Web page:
Tools employing conversational intelligence work best when they understand the parlance of your particular industry. Vernaculars vary across industries; the everyday language of finance will not be the same as that used in healthcare, or in retail for that matter. When customer service is automated, the level of personalisation must remain high. Conversational intelligence powered by NLU can be based not only on pre-built intents and conversation flows for speedy deployment, but it learns increasingly by being fed input from real-life usage as well as pre-recorded content. Maximising sources of relevant industry language means contact centre AI bots can stay up-to-date with your industry’s evolving vocabulary in a way that your customers can understand.

  1. Language-specific nuances

It’s about more than words. Conversational AI for contact centres helps boost automated customer service by learning to understand the vocabulary of specific industries, but it’s also technology that gets granular with language. Slang, vernacular structure, filler speech — these are all important and inconsistent across languages. What passes for filler in one language contains semantic content that conveys certain intents or emotions in another that can be confusing to process if not understood. Bots need to be able to understand and make use of the finer points of each operating language, which can also be achieved through feeding them content. Whether training bots for industry lingo or casual talk, Summa Linguae points out that the goal is to collect natural, unscripted dialogue between two parties. Understanding the voice of your customer is key to understanding your customer, and that’s where the difference lies.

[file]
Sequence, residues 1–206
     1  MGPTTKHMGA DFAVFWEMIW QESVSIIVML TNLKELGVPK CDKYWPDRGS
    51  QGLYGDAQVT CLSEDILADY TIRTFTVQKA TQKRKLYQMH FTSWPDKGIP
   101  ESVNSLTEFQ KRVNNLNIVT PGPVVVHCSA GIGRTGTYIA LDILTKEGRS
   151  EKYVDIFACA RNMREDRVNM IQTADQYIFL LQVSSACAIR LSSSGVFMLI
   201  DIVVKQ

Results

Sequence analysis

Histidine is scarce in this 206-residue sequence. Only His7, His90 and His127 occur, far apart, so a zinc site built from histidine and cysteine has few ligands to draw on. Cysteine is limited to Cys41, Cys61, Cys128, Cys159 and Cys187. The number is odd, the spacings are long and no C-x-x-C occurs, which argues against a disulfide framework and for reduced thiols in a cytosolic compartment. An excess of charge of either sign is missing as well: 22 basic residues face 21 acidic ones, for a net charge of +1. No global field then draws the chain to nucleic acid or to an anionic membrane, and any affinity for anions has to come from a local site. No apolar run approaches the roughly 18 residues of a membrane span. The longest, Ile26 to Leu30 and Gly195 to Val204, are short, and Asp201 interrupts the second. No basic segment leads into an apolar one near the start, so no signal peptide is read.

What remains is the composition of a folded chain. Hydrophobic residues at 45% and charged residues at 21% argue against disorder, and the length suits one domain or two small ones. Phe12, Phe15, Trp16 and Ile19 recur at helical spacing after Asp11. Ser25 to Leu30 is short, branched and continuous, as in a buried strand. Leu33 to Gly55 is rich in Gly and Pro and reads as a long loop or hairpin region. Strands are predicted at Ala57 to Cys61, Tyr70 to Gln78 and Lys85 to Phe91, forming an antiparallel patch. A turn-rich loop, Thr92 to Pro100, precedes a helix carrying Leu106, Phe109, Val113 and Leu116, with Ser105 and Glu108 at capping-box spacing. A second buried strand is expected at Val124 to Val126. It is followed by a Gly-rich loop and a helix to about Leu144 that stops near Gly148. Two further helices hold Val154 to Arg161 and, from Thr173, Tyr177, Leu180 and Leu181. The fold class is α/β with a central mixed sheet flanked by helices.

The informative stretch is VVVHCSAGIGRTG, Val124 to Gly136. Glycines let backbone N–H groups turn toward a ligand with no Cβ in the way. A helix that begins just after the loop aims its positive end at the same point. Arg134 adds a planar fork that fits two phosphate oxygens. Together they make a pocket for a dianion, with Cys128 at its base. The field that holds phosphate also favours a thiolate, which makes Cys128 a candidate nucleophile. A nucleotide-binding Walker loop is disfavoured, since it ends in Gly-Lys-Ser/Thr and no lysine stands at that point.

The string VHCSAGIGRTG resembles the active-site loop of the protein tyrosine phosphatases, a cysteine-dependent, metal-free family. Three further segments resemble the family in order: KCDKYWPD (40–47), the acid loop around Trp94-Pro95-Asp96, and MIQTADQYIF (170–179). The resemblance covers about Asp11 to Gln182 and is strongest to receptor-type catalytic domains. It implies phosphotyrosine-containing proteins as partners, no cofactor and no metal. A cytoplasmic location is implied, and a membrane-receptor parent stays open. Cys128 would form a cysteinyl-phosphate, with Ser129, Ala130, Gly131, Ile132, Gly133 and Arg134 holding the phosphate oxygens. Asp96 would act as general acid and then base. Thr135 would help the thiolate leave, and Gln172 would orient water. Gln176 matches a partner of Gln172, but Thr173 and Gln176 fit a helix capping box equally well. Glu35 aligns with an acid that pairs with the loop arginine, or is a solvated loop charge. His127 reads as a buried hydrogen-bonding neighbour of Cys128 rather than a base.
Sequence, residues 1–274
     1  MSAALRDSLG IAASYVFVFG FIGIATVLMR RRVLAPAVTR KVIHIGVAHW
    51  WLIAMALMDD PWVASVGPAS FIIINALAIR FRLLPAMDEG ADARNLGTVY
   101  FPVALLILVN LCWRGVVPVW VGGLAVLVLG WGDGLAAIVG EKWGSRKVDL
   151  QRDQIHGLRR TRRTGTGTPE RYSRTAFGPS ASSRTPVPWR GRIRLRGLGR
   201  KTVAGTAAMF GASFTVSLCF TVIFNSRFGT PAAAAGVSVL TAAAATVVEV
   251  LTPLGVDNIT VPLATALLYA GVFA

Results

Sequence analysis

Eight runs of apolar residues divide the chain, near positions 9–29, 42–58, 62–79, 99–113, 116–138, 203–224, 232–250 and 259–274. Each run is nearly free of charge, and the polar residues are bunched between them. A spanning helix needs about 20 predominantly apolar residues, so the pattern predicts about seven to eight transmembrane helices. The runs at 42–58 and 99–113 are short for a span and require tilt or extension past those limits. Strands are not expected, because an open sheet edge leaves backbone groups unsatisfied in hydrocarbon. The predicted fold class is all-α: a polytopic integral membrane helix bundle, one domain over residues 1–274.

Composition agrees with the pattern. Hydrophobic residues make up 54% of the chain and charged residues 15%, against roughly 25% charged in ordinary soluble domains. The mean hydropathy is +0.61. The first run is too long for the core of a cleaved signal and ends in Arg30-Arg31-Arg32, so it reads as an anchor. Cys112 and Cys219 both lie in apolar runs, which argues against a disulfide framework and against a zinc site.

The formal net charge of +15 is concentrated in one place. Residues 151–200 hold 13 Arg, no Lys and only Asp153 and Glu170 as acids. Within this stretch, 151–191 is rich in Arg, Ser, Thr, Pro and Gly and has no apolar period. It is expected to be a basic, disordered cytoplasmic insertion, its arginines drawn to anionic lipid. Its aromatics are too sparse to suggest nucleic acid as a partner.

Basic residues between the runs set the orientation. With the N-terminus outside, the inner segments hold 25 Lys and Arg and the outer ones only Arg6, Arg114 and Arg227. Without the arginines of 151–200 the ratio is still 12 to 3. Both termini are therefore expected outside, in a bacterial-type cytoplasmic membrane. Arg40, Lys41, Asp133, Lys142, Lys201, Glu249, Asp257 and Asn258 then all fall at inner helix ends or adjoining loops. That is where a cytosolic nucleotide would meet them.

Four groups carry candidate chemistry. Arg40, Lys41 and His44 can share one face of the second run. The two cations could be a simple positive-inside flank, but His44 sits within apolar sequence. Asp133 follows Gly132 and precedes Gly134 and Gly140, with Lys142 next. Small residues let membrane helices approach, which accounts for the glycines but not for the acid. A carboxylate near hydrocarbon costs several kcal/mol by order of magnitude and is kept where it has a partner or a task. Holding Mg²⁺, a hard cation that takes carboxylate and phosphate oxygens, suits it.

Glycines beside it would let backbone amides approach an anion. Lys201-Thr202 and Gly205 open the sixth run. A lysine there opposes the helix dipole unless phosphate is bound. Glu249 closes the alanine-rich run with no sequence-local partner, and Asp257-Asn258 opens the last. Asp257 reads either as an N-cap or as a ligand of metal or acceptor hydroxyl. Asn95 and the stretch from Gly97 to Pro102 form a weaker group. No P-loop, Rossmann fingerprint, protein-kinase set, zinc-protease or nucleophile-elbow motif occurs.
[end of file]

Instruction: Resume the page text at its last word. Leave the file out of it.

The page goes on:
1. Ease of deployment

As alluded to earlier, conversational intelligence tools are designed with ease of deployment in mind. They contain pre-built conversations and intents that can be put to use right away. Moreover, conversational AI platforms employ a no-code philosophy that allows non-IT personnel to assemble conversation flows and intents via graphical interfaces. As such, even business minds can get their hands dirty with constructing the flows they predict will deliver the results they desire, and readjust accordingly. Implementing that conversational element into your contact centre AI is a way of extending the human touch to customers, agents, and the management sector alike. If the thought of painful upgrade processes has dissuaded you from implementing AI for your contact centre, the ease of deployment for AI-based conversational intelligence will help you get to work faster.

Conversational AI promotes humanity, commitment and openness

Because of its design, features and potential to enhance customer service,

Because of its design, features and potential to enhance customer service, conversational intelligence supported by AI is a key differentiator poised to help weave human-centric values into the fabric of CX. Odigo is a Contact Centre as a Service (CCaaS) solutions provider that uses AI for contact centre tools, committing itself to the values of humanity, commitment and openness in every interaction.

Raffaele Ferrara
Product Marketing Manager at Odigo